Recently, the Yale College Council announced that it is considering a proposal to alter the policy of exclusively same-sex sophomore year housing. Although no decision has been reached, several students interviewed heralded this motion as a step in the right direction for LGBTQ life at Yale.
For O’Connell, the university’s role in facilitating such change represents “a critical dialogue.”
“That dialogue sometimes looks like shouting from one end to another,” they said, but it matters all the same.
But several queer students interviewed believe that there are other institutional biases against some subsets of the LGBTQ community at Yale, and particularly against transgender students. Transgender students, Johnson-Levy reasoned, may not be coming to Yale because they find the institution unwelcoming. Along with four other students interviewed, she cites the lack of gender-neutral housing freshman and sophomore year as a deterrent for prospective transgender and genderqueer applicants.
“I talked to a [genderqueer] friend this weekend who said, ‘I’m definitely not applying to Yale because there’s no gender-neutral freshman housing,’” Johnson-Levy recounted.
Several students interviewed said it’s hard to fall down solely on the side of or against the University because its track record is mixed, and Yale’s agenda varies widely across the administrative topography.
While Borsa considers the Co-op a community open to all who want to join, he said it isn’t for everyone.
“Some people choose not to affiliate with the Co-op at all, which is totally cool,” he said. “I think there’s a perceived conflict of interests between those who choose to be involved with organized or political queer life on campus and those who don’t.”
For some students, the conflict of interests is more than perceived — it’s lived out.
Mason Shefa ’15, who calls himself a “fervent Christian,” said it has been difficult integrating himself into Yale’s LGBTQ community. While he felt a need to be a part of the community in order to meet people, Shefa found that the campus’s LGBTQ groups do not plan events catered to his needs.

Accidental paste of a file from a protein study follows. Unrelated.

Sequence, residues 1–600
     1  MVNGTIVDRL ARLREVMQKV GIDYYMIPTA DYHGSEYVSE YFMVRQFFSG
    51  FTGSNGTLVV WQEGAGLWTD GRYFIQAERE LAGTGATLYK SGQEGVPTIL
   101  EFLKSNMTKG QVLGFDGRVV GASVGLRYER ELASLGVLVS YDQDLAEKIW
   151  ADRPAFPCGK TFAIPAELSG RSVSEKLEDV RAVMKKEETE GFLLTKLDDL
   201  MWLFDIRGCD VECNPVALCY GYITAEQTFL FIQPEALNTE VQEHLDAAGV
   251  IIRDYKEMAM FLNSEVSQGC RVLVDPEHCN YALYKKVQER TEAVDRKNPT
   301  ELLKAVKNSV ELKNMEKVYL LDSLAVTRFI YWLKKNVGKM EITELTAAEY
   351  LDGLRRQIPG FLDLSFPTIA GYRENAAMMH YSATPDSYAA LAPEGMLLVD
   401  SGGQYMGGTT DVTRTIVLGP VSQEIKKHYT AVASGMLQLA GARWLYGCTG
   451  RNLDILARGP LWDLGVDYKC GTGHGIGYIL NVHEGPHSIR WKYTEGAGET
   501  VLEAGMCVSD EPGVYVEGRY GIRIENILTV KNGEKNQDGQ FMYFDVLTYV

“[LGBTQ] groups don’t really put on events that are focused on people like me — for instance, a group of gay Christians who don’t like going to parties,” Shefa said. “I feel like I might not be the only one — they aren’t planning enough events that are not focused on extremely political debates or wild parties.”
Former Co-op president Marija Kamceva ’15 said the Co-op has been attempting to solve this problem by offering alternatives. Recently, the organization has been hosting more dinners and movie nights, she said, acknowledging that “not everyone is comfortable being in huge dark rooms full of people.
While Balakrishna has felt a desire to become more involved with LGBTQ groups on campus, she said that at first she was afraid of alienating her friends with explicit political or activist involvement.
“I’d heard the way my friends perceived kids who were activists,” she said. “I think the way that my friends had perceived those other students made me not want to align myself with that because I didn’t want to alienate my friends.”
When she finally did come around to the idea as a junior, she said she felt the time had passed for her to join.
“Sometimes it can be hard to penetrate a small community that relies on friendship and relationships, that has been brought together by adversity and is therefore close-knit,” Johnson-Levy said in response — and especially if you don’t do so right away.
But if Johnson-Levy’s experience is any indicator, the pressures that students feel to plug themselves into a community as soon as they arrive at Yale — to map the contours of their identity prematurely — are unfounded and unfair.
Johnson-Levy attended last weekend’s IvyQ conference at Princeton. The friendships she made there have helped her to navigate Yale, she said. Although she knows that Yale “wasn’t built” for someone like her — a queer woman of color — she said she won’t let that inform how she feels about herself or her time here.
“I’ve come back from that experience reminded that not fitting into certain expectations here doesn’t make me wrong or inadequate,” she said.
At Dalton’s all-girls Catholic high school in Rhode Island, no one was openly gay. She developed her conceptions of queerness on the basis of what she gleaned from “a startling number of young adult fiction novels,” which she read under the covers as a middle-schooler.
“In retrospect,” Dalton said, “The girl who was letting me borrow them from her was trying to tell me something by saying, ‘Look, I like this book about teenage lesbians!’”
While she recalled the memory with a laugh, the incident was also a reminder of the vocabulary that she then lacked. Growing up in New England, her family’s attitudes towards queerness were mixed. She didn’t come out until she arrived at college.
Finding a queer community at Yale, she said, “completely blew that wide open.” She discovered a spectrum of queerness, which allowed her to dissolve some of the clichés that she used to associate with LGBTQ culture. Balakrishna agreed that the exposure to a new language helped her grapple with her identity.
Dalton is grateful for the vocabulary that she has learned.
As an incoming freshman, she thought that the women’s rugby team was the hub of queer life for women. Leaving, she has found a firmly ensconced place in Yale’s queer community, and feels comfortable correcting others’ conceptions of her.
“When I was younger I was definitely trying to explore that gender and sexuality were more fluid,” she said. “But I didn’t even have the language to talk about it until I met some people here.”